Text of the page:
* Graphic: World FX rates in 2019 http://tmsnrt.rs/2egbfVh
* Graphic: Trade-weighted sterling since Brexit vote http://tmsnrt.rs/2hwV9Hv (Updates prices, adds detail, quotes, GDP, BoE governor decision)
LONDON, Dec 20 (Reuters) - The pound rose 0.3% on Friday after three days of declines, but nonetheless close to its biggest weekly loss since 2017, before the UK parliament votes on Prime Minister Boris Johnson's European Union exit deal.
The Withdrawal Agreement Bill, which is expected to pass because last week's general election secured Johnson a large majority, is a mixed bag for pound traders.
It creates some certainty in that it fixes the departure date as Jan. 31. But it also revives the risk of a no-deal Brexit because it bans any extension of the December 2020 negotiating period.
"The British government is likely to resume control in this matter. And as far as Johnson is concerned that could also mean a hard Brexit if push came to shove - that is certainly what he has said on numerous occasions," Commerzbank FX strategist Thu Lan Nguyen wrote in a note to clients.
The pound was last up 0.3% versus the dollar at $1.3048, having slipped below $1.30 in overnight trading. Against the euro it was up around 0.2% at 85.22 pence .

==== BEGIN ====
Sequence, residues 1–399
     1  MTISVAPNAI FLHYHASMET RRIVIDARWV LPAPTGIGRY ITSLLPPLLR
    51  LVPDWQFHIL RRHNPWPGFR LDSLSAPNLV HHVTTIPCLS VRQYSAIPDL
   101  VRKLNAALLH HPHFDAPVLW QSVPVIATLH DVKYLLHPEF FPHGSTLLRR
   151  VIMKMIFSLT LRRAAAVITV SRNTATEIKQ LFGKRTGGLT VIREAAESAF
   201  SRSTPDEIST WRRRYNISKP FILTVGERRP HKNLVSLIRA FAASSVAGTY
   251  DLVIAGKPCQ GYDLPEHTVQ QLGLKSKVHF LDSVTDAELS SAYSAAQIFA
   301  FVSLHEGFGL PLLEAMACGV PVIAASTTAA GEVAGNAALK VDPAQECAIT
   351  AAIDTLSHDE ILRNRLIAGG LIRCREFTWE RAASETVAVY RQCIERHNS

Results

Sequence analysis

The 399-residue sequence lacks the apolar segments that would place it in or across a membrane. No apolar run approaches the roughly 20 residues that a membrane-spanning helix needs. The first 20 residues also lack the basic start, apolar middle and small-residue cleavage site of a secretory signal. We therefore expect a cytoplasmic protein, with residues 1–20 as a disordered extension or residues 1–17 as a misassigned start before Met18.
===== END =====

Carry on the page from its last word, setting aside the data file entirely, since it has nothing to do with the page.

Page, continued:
It has fallen more than 2% this week, having lost all its election-night gains.
"Johnson is determined to leave the EU and could do that without a trade agreement in place, so this has re-ignited concern about a hard Brexit," said Piotr Matys, an FX strategist at Rabobank.
Chris Graham, senior economist at Standard Chartered, said that the fact that Johnson ruled out an extension when under no political pressure to do so caught markets off-guard.
The pound was little changed by data showing that the UK GDP gross domestic product grew 0.4% in the third quarter, an upward revision from the previous estimate of 0.3%.
The Bank of England kept rates steady on Thursday, saying it was too soon to tell how much Johnson's election victory would lift the Brexit uncertainty that has clouded the economy.
"I think sterling could start to do better again if we see signs of stronger economic data and progress in UK-EU negotiations on the future relationship," Standard Chartered's Graham said.
Andrew Bailey was announced as the new Bank of England governor. The 60-year old former deputy governor is due to take over from Mark Carney on March 16, later than originally planned. Sterling did not move on the news.
George Buckley, chief European economist at Nomura, noted that the role goes beyond monetary policymaking: "Financial regulation could be a big part of the next year for him, given that there's going to be a lot of debate about any deal (with the EU) that can be had."
"He's a solid choice - there's no doubt about that," he said.
(Reporting by Elizabeth Howcroft; graphic by Dhara Ranasinghe; editing by Larry King)